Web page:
The Location of the UK Cotton Textiles Industry in 1838: a Quantitative Analysis
AbstractWe examine the geography of cotton textiles in Britain in 1838 to test claims about why the industry came to be so heavily concentrated in Lancashire. Our analysis considers both first and second nature aspects of geography including the availability of water power, humidity, coal prices, market access and sunk costs. We show that some of these characteristics have substantial explanatory power. Moreover, we exploit the change from water to steam power to show that the persistent effect of first nature characteristics on industry location can be explained by a combination of sunk costs and agglomeration effects.
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Bibliographic InfoPaper provided by Competitive Advantage in the Global Economy (CAGE) in its series CAGE Online Working Paper Series with number 147.
Date of creation: 2013
Date of revision:
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More information through EDIRC
agglomeration; cotton textiles; geography; industry location;
Other versions of this item:
- Nicholas Crafts & Nikolaus Wolf, 2013. "The Location of the UK Cotton Textiles Industry in 1838: a Quantitative Analysis," Working Papers 0045, European Historical Economics Society (EHES).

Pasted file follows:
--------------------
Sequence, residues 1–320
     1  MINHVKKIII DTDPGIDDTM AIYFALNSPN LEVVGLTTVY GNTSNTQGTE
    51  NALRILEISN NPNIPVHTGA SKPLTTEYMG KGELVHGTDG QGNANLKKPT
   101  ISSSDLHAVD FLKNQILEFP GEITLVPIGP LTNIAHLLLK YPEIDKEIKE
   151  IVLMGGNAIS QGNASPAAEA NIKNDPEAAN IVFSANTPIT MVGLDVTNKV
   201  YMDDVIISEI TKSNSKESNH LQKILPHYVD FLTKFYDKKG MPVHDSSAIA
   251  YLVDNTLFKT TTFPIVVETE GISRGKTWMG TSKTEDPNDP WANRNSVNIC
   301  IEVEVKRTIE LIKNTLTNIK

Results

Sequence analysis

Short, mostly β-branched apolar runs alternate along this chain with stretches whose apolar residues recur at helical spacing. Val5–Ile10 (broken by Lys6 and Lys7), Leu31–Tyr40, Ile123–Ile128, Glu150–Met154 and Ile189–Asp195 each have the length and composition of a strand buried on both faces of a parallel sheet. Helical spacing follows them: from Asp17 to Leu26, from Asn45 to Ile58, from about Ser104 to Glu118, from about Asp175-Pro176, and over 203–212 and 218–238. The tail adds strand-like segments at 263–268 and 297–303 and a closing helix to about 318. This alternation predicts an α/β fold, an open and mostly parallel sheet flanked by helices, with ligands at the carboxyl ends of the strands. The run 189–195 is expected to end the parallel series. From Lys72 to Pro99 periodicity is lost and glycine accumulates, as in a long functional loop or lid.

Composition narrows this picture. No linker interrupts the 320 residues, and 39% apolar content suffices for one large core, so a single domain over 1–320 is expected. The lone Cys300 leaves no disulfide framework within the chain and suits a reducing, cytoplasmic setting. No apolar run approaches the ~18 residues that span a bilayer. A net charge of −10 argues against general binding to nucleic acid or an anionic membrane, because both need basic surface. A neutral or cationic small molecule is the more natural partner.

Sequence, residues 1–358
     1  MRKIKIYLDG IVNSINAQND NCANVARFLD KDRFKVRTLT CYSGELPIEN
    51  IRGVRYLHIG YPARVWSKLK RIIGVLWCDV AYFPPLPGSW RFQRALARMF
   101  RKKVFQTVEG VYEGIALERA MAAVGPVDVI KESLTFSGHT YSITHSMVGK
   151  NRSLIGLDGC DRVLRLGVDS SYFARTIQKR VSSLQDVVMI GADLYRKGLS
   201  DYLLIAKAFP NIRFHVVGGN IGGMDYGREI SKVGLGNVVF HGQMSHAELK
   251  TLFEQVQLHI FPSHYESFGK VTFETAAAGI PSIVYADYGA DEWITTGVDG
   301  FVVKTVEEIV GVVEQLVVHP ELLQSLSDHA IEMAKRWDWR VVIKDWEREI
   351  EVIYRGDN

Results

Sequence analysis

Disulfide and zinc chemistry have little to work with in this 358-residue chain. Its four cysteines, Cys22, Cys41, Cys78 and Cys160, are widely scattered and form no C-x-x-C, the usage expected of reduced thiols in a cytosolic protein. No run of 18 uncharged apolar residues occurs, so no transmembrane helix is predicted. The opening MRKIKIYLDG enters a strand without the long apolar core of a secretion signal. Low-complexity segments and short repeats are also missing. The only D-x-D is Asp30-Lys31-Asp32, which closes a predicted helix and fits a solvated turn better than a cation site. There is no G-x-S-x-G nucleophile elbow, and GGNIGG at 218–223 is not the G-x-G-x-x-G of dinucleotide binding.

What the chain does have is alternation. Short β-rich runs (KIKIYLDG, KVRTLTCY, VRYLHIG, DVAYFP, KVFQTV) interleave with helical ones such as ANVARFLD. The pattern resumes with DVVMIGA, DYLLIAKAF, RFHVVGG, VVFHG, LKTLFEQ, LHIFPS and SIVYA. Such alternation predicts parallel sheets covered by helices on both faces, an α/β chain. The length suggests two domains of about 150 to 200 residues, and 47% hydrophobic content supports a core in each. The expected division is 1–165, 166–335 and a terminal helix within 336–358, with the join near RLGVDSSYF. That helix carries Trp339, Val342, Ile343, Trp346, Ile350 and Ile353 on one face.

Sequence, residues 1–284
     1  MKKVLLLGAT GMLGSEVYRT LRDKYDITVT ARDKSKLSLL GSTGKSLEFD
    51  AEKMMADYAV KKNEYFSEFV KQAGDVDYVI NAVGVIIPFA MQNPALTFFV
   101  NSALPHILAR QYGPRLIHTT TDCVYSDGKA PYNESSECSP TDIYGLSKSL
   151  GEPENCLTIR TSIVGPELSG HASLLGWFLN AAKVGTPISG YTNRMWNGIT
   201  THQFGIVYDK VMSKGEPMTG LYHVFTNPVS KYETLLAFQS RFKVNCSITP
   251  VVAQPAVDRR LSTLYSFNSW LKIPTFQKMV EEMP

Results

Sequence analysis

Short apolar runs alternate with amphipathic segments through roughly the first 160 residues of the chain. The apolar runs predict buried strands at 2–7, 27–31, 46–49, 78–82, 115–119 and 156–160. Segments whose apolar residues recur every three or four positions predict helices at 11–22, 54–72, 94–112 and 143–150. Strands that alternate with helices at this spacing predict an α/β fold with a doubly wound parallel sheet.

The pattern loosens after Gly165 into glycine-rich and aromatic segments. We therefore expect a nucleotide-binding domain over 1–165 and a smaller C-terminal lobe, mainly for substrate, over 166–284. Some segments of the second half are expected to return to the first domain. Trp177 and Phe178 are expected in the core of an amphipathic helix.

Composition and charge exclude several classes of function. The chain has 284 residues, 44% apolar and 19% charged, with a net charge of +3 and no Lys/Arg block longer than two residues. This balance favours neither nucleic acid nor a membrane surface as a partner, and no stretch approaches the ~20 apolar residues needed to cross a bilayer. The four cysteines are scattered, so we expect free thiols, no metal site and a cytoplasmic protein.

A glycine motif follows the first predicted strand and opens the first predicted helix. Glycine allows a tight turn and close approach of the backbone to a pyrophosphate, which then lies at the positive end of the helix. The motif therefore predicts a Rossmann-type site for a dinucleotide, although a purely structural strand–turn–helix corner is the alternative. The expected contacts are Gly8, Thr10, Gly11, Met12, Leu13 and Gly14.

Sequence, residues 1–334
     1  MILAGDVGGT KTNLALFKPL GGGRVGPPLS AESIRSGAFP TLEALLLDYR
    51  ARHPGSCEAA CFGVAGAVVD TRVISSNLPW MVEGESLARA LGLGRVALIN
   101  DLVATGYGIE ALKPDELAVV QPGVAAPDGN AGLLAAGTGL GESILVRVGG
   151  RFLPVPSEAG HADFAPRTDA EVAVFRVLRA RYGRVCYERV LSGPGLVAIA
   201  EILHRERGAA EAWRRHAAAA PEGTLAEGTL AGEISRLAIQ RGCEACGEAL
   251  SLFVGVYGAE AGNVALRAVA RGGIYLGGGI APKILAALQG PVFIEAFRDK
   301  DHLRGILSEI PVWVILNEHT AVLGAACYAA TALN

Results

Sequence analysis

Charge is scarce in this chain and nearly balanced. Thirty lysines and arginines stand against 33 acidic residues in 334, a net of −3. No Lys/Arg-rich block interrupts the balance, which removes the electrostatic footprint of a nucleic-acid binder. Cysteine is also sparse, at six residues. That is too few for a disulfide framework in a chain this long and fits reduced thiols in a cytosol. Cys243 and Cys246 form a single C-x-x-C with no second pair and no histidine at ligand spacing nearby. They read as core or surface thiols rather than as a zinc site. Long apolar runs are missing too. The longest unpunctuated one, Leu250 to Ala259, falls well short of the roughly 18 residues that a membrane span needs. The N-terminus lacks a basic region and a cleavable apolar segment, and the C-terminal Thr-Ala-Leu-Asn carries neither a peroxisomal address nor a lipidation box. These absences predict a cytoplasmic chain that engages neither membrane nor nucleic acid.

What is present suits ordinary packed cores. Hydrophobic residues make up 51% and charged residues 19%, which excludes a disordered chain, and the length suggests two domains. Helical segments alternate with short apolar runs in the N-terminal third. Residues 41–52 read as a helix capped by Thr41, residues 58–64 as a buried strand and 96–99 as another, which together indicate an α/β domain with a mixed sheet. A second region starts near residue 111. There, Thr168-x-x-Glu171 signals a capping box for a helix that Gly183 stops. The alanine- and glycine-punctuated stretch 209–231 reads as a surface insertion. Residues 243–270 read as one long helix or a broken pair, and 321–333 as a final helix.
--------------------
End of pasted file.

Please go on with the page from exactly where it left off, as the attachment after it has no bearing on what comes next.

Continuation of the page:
- Crafts, Nicholas & Wolf, Nikolaus, 2013. "The Location of the UK Cotton Textiles Industry in 1838: a Quantitative Analysis," CEPR Discussion Papers 9626, C.E.P.R. Discussion Papers.
- N63 - Economic History - - Manufacturing and Construction - - - Europe: Pre-1913
- N93 - Economic History - - Regional and Urban History - - - Europe: Pre-1913
- R12 - Urban, Rural, Regional, Real Estate, and Transportation Economics - - General Regional Economics - - - Size and Spatial Distributions of Regional Economic Activity; Interregional Trade (economic geography)
This paper has been announced in the following NEP Reports:
- NEP-ALL-2013-09-13 (All new papers)
- NEP-GEO-2013-09-13 (Economic Geography)
- NEP-HIS-2013-09-13 (Business, Economic & Financial History)
- NEP-HME-2013-09-13 (Heterodox Microeconomics)
- NEP-URE-2013-09-13 (Urban & Real Estate Economics)
Please report citation or reference errors to , or , if you are the registered author of the cited work, log in to your RePEc Author Service profile, click on "citations" and make appropriate adjustments.:
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Blog mentionsAs found by EconAcademics.org, the blog aggregator for Economics research:
- Industrial Location and Path Dependency during the British Industrial Revolution
by missiaia in NEP-HIS blog on 2013-10-28 12:03:00
- On the many failures of (southern) Italy to catch up
by missiaia in NEP-HIS blog on 2014-01-20 12:57:07
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